Like most rose people, I find the Dr. Huey phenomenon amusing, and it does usually arise from people being clueless (but it is a handsome plant, so at least it's not like growing Italian thistle or some such in your yard) but I think these last two posts (plan9 and eahamel) are way off the mark.
First, I doubt the folks living in the house in the first photo are passing their yard off as a great horticulture. The majority of homeowners, I would say, could care less about gardening (as is their right) and thus only do the minimum, or have more pressing concerns. If they were making such a claim, pointed critique might be in order (even then, in most cases, it's kinder to say nothing at all, unless it's part of a garden judging show). Otherwise, it's rather low and pointless humor, plus I am sure all of us have had garden ideas that didn't work out so well. Either of you care to post photos that prove the brilliance of your own garden design?
Second, blanket assumptions and statements about people based on race are inevitably wrong factually (I know some pretty good "Hispanic" gardeners...) and repugnant in any case (gee, maybe even some of the people on GardenWeb are "Hispanic"...). I also know of some white and Asian mow-and-blow outfits that are clueless. In any case, I don't see what being documented or undocumented has to do with gardening.
Lastly, my elderly Mom was once an excellent gardener whose garden has declined along her health and there has been a lot of Dr. Huey among her roses in the past few years, which she finally allowed me to tackle this spring. Care to make fun of her?
This post was edited by catspa on Sun, Apr 21, 13 at 10:48
The lady on the corner of the next block from me had an enormous, old DH growing up, through and around an even bigger lilac bush. Every spring the two would happily and beautifully bloom away together. After a while I noticed that she had two other types of climbers growing up bushes in her yard. All because she was so proud of her DH/lilac combo!
I'm with bellegalica, I'm happy to see any attempts at gardening. Sometimes those attempts aren't to my taste but at least they've tried. And who knows, those first stabs at roses may lead to more, and eventually those same people may end up here looking for help and answers. Everybody starts somewhere. If it's with Dr. Huey then so be it. I try to withhold judgment on other's yards. You never know what challenges they're facing. Just keeping that plain yard neat and clean may be all they can do or afford. As long as it's neat and they're happy with it, so am I.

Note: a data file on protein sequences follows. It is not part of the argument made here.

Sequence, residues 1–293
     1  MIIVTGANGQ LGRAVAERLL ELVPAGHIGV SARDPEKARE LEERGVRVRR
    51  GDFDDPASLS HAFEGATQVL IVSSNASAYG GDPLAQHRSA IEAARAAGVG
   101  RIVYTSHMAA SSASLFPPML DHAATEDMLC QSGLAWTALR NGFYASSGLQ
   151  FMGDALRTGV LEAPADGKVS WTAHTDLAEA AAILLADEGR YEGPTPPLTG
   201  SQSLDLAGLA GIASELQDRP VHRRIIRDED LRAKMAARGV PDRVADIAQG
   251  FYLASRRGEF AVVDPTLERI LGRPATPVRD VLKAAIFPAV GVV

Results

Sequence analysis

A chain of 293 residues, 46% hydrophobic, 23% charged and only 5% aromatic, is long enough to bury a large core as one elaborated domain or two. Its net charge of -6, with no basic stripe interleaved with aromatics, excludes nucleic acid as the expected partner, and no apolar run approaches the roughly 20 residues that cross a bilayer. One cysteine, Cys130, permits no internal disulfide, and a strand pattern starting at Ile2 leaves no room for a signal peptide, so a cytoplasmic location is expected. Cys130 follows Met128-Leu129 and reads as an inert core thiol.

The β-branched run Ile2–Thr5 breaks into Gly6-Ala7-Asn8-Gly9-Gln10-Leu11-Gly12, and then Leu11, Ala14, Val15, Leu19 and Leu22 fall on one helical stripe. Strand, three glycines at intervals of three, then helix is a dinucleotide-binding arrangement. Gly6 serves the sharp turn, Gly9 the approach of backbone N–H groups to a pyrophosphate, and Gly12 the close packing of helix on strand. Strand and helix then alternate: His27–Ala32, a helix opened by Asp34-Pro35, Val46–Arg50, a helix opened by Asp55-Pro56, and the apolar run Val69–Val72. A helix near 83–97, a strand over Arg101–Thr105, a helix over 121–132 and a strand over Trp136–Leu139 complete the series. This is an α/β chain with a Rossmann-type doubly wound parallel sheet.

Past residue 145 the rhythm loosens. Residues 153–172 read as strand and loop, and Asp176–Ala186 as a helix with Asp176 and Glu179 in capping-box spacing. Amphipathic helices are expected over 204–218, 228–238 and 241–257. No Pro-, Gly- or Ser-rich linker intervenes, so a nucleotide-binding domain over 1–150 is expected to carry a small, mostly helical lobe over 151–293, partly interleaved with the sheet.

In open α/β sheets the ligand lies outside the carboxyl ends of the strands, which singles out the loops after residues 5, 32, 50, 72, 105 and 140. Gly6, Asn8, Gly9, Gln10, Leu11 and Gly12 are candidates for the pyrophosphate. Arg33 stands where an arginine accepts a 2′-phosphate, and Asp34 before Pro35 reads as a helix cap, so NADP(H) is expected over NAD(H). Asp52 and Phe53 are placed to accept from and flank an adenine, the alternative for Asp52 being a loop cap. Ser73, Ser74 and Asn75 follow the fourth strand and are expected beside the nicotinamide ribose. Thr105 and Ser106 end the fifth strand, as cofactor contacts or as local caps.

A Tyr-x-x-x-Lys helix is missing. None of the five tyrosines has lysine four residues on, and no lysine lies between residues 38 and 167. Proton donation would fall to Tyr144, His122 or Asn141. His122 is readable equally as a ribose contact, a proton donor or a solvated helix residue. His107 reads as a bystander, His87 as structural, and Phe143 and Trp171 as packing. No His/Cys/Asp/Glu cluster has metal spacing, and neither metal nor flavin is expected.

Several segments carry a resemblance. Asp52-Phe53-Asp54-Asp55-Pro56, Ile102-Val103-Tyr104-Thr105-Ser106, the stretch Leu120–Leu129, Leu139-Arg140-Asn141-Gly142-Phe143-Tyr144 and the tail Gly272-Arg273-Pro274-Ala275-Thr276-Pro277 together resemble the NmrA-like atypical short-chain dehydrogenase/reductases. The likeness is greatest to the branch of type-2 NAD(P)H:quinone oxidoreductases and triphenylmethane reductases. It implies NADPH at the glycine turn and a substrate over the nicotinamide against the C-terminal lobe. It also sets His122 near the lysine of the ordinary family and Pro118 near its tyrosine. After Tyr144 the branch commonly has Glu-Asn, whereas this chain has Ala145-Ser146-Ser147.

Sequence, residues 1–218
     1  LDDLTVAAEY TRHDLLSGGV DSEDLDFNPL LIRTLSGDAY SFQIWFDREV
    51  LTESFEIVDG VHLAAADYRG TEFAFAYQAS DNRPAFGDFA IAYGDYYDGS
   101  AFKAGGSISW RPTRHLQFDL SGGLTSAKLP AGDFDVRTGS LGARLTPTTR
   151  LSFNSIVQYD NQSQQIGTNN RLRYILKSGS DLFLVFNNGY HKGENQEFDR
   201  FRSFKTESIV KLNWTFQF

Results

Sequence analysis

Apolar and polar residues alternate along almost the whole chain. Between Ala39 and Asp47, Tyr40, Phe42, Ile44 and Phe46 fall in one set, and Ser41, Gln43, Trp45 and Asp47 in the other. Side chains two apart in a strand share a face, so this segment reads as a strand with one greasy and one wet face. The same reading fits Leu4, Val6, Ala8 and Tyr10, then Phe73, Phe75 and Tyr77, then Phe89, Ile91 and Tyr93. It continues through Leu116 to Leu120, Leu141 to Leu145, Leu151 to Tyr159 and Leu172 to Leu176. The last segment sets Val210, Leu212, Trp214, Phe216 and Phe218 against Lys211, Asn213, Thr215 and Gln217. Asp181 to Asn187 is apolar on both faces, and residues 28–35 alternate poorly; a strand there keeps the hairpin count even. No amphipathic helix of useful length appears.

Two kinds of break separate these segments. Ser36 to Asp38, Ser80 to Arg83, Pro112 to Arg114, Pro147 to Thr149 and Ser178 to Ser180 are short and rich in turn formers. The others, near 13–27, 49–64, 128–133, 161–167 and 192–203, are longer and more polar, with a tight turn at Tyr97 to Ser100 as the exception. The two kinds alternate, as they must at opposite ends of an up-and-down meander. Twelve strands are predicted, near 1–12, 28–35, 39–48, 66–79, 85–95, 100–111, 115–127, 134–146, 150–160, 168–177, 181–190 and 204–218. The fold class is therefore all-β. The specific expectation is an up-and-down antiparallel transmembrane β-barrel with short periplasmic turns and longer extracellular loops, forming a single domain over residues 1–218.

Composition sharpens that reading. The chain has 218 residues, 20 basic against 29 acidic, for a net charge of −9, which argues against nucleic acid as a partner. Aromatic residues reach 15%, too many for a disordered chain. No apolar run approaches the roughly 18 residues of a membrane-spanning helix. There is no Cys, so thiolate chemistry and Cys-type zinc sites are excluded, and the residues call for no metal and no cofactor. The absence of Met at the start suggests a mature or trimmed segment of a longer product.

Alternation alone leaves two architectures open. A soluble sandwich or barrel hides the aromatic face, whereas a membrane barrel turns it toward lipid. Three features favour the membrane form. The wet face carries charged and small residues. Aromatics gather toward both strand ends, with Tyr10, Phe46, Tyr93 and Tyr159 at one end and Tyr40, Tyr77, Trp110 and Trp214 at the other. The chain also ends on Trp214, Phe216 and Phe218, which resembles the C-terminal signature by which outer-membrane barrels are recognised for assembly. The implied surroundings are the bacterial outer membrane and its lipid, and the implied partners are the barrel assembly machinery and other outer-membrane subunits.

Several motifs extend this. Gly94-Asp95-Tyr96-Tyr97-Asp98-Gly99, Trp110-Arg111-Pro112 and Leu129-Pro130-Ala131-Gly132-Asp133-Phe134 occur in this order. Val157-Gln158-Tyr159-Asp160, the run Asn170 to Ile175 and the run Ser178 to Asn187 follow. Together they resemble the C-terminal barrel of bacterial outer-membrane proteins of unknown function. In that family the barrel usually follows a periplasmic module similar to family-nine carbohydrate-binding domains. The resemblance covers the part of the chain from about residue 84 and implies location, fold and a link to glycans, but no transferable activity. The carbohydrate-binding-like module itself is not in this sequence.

As for yard art, well, some people do get carried away. But I'm sure they enjoy them and it's their yard so what the heck. I have some yard art myself and I'd bet my last dime there are people who think it's the tackiest stuff ever. But it's all things I've collected over the years and I love it!
I found Plan9 humor fun, it was just in jest and not meant as an actual horticultural review. I am sure most of us could sit back and write a similar review of our own yards.
Personally, I have a variety of garden "scenes" that I know would probably put me on the crimes against horticulture website. Like my persimmons that have been ruthlessly stubbed-because I can not pick goo-balls 30 feet in the air. Or the Zapote that I would love to kill, but nothing kills them so it got stubbed to a shape that reminded me of a lizard head-that was the direction I wanted the shade. It is growing back so fast I have already had to thin it out and in a year you will never know how bad it looked.
Mom also took take of her favorite single red for years, never knowing it was rootstock. She thought the red rose had put out some different buds.
I know I have a whole bed of it here that my gardener tends and when I moved in my place, the previous resident told me all about her glorious red rose she lovingly trained across a trellis-never mind it only bloomed once a year.
Many people have no idea what "grafting" means. And if you move in a place that the first bloom you see is red/single you would assume that rose was meant to be a red single.
A landscaper friend is very proud of his tall tree roses in pots that have a red single trained to drape over the top of the pot.
I went to the Fullerton Arboretum Green Scene Sunday and there was a wonderful large bush of Dr. Huey in the back just smothered in bloom. It was not sprawling on the ground but was a self supporting tall vase shape with the flowering canes flowing gracefully from the top.
Calling you out on your racism.
It's the 21st Century--people don't talk like that in polite company.
If you actually believe things like that (really? shame on you!), you need to keep it to yourself!
The Fullerton Arboretum Dr. Huey by the outhouse in back. SDLM is making a comeback too after years of hard pruning.
I think it looks pretty. It just needs some little flowers at the base. Maybe White Pet.
Kippy, re "persimmons that have been ruthlessly stubbed", I haven't heard that term before. Is that something like pollarding? Lou
Lou, yes, I beheaded them....lol And they are growing back nicely at a reasonable height. Dad LOVED having the tallest ______ tree (fruit) of course he never picked them.
Oh, Kitty, those are lovely photos!